1) Has to be Pro HDR Camera.

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Camera-Zoom-FX

2) Next up is an app that's new to me so I'm still experimenting. Camera Zoom FX extends the functionality of the default camera app even further by offering manual focus, continuous focus (for video), burst mode, time-lapse, voice activation and more. The FX part of the name refers to a bunch of extras that can be added to the app which I've not quite got my head round yet, but by default framing, vignetting and a whole raft of Instagram-esque filters are included too.

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Torch-Flashlight

3) Third on the list is so simple, and it's not technically a photography app, but I use it a LOT. It's called simply "Torch - Flashlight", and it does exactly what it says, but the beauty is that the little flash on the back of this SII is so powerful that this app turns the phone into a very useful emergency torch - much brighter than the iPhone 4. Only last weekend I was up in the Peak District, about a mile from the road down a boggy gorge to shoot sunset. By the time I was ready to pack up it was pitch black. Where was my torch? In the boot of the darn car. SII to the rescue. It helped me pack all my gear and find my way back up the gorge I was in and back to the car. Saved my ass I can tell you.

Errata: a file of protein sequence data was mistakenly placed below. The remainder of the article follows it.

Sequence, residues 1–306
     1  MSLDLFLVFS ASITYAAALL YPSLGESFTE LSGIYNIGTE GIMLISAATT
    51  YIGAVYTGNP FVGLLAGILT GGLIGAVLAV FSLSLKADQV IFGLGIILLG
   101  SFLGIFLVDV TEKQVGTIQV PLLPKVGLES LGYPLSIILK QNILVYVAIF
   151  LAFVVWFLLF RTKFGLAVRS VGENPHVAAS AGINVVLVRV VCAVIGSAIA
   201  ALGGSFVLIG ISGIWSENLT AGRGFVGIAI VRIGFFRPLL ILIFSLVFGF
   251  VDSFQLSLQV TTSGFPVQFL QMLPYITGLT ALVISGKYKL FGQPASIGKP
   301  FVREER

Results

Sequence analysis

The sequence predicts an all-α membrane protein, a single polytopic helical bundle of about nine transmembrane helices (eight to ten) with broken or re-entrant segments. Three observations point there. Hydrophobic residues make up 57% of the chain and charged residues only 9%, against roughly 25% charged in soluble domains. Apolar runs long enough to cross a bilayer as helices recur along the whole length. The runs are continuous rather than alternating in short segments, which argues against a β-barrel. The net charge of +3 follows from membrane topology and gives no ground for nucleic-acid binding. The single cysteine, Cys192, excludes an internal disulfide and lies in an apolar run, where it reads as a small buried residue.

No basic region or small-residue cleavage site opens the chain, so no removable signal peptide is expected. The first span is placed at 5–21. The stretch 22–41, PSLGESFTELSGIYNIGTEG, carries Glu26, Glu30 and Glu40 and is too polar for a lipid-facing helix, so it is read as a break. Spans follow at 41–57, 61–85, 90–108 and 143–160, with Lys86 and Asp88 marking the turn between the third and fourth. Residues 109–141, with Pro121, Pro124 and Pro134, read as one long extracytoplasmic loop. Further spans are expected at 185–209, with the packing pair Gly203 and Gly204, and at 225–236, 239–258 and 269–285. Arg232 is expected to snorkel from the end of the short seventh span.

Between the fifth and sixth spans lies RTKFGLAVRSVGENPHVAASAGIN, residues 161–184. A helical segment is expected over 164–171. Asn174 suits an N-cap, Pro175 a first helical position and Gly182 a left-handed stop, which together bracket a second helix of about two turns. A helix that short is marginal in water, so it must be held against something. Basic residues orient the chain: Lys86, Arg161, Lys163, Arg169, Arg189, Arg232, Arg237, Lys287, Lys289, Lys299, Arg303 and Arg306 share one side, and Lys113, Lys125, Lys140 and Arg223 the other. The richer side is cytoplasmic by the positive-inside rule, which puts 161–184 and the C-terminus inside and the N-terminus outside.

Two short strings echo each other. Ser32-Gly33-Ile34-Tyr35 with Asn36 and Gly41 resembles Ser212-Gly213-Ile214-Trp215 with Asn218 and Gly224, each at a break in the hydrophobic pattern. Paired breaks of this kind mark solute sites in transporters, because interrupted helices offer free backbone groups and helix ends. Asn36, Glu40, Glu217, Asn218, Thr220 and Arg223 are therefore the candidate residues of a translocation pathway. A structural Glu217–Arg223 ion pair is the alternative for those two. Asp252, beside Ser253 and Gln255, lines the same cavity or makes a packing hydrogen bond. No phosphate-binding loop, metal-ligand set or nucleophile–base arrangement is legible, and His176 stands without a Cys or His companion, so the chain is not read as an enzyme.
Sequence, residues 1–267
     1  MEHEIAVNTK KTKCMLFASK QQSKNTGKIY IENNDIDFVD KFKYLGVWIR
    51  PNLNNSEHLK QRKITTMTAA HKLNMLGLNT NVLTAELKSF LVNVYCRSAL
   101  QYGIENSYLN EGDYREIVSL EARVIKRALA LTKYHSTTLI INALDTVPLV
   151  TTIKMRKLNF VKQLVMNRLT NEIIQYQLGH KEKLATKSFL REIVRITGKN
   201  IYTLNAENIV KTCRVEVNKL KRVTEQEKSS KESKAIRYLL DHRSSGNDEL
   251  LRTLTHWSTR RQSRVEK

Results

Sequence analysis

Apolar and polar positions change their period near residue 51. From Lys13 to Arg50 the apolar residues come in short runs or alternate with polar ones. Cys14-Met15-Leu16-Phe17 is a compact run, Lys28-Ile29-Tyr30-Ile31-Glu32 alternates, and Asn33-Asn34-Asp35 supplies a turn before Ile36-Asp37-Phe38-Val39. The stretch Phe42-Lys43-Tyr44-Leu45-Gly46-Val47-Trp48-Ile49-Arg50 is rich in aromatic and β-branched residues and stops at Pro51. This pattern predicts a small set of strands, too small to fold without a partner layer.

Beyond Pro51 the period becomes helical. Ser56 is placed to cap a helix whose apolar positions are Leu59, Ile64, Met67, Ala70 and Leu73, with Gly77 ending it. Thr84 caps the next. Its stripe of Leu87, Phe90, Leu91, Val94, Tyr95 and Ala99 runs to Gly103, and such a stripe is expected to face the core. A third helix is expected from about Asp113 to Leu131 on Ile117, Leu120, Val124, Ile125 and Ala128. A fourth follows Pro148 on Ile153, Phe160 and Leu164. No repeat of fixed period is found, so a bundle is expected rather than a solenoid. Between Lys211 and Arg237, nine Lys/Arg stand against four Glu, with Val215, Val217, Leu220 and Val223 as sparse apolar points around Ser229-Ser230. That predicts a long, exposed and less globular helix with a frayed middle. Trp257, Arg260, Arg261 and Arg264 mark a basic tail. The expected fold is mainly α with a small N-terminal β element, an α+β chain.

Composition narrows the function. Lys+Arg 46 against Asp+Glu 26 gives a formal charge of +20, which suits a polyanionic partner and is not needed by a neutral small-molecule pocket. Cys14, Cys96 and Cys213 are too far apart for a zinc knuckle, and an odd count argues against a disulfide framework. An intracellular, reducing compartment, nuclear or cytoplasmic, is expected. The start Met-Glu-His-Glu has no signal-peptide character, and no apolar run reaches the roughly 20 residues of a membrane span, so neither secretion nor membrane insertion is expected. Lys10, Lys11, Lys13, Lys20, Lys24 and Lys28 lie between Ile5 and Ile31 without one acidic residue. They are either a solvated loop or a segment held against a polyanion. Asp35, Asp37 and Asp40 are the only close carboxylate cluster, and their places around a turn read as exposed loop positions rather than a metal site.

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4) Finally, and a little disappointingly this is an IOS only app at this stage. Velaclock beautiful in it's simplicity. It simply tells you sunrise and set times for a given location (and you can save several), moon times, and azimuths along with associated astronomical, nautical and civil times. Doesn't appear to be available for the 'droid at all, and after hours of scouring I'm afraid to say that I haven't found anything that comes even close.